As I head out of the McDonald’s parking lot and turn the corner toward my office I have to drive by Salt Lake’s famous Pioneer Park. I call it “Needle Park.” It’s where a bunch of crime occurs and where a lot of homeless people congregate. To its credit, the city has tried hard to mainstream the park and make it more accessible to the broader public. Frankly, it’s difficult to walk anywhere around our office neighborhood without being asked by a stranger for money.
I’m a Latter-day Saint and as I pass by these beggars, rejecting their pleas, I’m constantly reminded of a verse of scripture that reads, “For behold, are we not all beggars?” So why do I reject their pleas?
Let me first say that I don’t always reject their advances. Sometimes I give them money. Sometimes there’s something about the person that just touches me. Maybe it’s more about me and my ability to be touched than it is the other person; I don’t know. But, more often than not, I don’t meet the hand of the beggar. So, again, I ask why?
Part of the reason surely relates to my understanding of the vast network of social services that exist in Salt Lake City. Anyone can be fed, clothed and sheltered at just about any moment of need. The city, indeed the entire state, is remarkable in its charity and its efforts through state and local government to help our neighbors in need. And so I tell myself that it’s best to encourage these souls to use the social services provided. It’s the orderly and efficient way to handle these matters. These available services, whether private or public, also create important touch points for the homeless and society. Frankly, I think it’s important for those in need to be known by the community that cares for them. I’m pretty sure unaccountable “drifters” aren’t the most trustworthy people.
I also sense that many of these panhandlers are fully able to work. They look healthy enough, even if they’re a bit dirty and disheveled. I often look at the ones as I exit McDonald’s and think they’re no more handicapped in employment opportunities than the language-challenged servers who hand me my oatmeal.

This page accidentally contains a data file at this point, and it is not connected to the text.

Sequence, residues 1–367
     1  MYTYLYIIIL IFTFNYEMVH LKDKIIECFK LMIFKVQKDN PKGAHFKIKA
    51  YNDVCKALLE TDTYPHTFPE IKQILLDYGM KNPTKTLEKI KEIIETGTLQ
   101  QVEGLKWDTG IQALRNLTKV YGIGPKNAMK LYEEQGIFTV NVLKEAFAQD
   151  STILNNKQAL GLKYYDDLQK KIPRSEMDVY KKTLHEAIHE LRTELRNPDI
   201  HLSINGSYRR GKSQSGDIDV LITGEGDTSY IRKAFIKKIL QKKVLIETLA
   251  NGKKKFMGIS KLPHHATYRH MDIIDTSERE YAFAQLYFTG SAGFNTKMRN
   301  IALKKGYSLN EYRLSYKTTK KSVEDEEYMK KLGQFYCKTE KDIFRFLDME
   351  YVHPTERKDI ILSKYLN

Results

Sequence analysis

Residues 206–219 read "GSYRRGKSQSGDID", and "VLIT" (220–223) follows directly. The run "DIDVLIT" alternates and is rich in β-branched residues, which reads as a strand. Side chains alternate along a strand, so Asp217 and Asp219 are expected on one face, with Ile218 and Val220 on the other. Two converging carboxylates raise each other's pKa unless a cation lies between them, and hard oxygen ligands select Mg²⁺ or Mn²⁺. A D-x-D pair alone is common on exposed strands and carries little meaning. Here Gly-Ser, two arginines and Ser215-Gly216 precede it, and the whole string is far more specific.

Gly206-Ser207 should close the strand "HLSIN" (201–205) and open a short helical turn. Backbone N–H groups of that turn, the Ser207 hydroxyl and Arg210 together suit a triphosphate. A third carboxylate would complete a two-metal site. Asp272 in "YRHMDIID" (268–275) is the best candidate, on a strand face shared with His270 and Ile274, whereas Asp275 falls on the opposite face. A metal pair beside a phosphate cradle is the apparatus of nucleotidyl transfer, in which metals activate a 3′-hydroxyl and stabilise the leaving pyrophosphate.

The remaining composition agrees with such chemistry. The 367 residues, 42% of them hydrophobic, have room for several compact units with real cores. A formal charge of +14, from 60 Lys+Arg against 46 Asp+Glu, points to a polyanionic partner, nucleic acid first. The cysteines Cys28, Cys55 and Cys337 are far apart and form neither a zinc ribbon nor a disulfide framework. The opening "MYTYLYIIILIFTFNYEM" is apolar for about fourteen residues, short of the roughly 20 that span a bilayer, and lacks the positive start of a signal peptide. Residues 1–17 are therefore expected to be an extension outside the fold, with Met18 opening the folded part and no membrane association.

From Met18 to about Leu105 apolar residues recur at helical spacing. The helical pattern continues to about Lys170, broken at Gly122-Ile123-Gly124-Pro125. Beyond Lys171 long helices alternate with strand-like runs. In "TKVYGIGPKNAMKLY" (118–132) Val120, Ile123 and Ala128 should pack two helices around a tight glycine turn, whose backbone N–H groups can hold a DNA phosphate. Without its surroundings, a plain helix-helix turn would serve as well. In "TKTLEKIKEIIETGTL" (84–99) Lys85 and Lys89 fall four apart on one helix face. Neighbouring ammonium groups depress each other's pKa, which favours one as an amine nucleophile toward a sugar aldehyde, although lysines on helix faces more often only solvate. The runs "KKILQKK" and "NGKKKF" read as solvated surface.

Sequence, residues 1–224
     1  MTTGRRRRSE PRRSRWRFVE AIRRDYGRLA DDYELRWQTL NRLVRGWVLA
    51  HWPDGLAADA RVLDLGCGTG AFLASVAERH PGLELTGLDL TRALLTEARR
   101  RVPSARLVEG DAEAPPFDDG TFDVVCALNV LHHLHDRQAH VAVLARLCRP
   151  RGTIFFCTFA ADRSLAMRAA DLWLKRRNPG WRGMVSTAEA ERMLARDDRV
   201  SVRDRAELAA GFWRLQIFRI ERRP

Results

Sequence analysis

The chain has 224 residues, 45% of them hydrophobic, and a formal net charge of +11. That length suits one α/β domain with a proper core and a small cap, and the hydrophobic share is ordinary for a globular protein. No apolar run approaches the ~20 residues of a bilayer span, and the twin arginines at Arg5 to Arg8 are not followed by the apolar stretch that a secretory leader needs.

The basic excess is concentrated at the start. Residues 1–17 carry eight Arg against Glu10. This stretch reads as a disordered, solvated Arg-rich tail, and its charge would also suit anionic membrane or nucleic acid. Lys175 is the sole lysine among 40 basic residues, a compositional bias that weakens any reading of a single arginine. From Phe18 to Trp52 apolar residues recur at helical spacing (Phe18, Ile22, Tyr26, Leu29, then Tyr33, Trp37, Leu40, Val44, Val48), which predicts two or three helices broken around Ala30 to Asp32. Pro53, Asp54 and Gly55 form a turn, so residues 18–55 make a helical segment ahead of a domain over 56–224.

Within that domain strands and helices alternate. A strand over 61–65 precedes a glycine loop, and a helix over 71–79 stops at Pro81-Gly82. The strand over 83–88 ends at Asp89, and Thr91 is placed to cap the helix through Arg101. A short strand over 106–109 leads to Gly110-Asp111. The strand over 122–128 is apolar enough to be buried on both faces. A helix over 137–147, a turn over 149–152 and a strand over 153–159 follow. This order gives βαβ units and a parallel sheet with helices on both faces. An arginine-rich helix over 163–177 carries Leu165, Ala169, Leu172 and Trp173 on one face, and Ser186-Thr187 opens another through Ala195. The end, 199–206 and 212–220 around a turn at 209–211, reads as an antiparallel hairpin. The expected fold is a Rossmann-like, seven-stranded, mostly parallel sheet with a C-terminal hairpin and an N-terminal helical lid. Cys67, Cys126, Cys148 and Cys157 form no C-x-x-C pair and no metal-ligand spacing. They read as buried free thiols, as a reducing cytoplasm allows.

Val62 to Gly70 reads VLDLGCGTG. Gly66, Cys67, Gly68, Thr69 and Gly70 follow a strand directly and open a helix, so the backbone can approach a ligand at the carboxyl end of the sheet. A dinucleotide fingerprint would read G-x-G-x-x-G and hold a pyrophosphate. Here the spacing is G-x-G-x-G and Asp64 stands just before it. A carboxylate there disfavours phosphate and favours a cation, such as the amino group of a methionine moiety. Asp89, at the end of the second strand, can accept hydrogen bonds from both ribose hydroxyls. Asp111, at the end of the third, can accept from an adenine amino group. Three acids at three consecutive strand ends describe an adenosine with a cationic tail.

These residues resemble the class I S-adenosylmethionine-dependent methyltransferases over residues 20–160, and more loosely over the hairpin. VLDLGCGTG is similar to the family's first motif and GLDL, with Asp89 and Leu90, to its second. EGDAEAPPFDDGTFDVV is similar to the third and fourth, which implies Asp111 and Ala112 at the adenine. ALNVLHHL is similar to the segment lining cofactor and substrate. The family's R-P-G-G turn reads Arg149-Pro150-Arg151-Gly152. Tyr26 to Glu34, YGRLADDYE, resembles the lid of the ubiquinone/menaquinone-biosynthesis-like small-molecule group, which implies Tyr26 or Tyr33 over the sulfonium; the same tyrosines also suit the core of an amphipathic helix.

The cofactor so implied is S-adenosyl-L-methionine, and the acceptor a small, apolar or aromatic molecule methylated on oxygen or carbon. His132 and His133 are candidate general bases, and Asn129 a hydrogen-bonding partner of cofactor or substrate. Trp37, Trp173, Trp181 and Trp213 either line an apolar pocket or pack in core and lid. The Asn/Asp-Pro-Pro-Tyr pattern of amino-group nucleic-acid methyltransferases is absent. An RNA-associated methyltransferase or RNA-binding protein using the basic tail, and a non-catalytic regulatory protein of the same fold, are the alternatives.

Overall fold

Then again, perhaps the panhandlers have criminal records which prevent them from a decent job – and perhaps we ought to review those sorts of laws that create stumbling blocks for otherwise productive citizens?
For me I think the decision to give a handout or not is a matter of human dignity. I give when I think I’m lifting someone’s dignity. I know, in those cases, that I’m certainly lifting my dignity. But there are many other times when I think the panhandler is an offense to human dignity. Those are the times I don’t give. I hate feeling like I’m their judge, but I hate being put in the position of judging them – and the panhandler knows full well that’s how many of us feel as we choose the easy way out and throw some money their way.
When push comes to shove I tell myself this is why I pay tithing and taxes – to help my neighbors in need – and if someone is truly in need, there’s more than one solution to their problems in a community that prides itself on taking care of the beggar. It’s the way we beggars stick together.
For Sutherland Institute, I’m Paul Mero.
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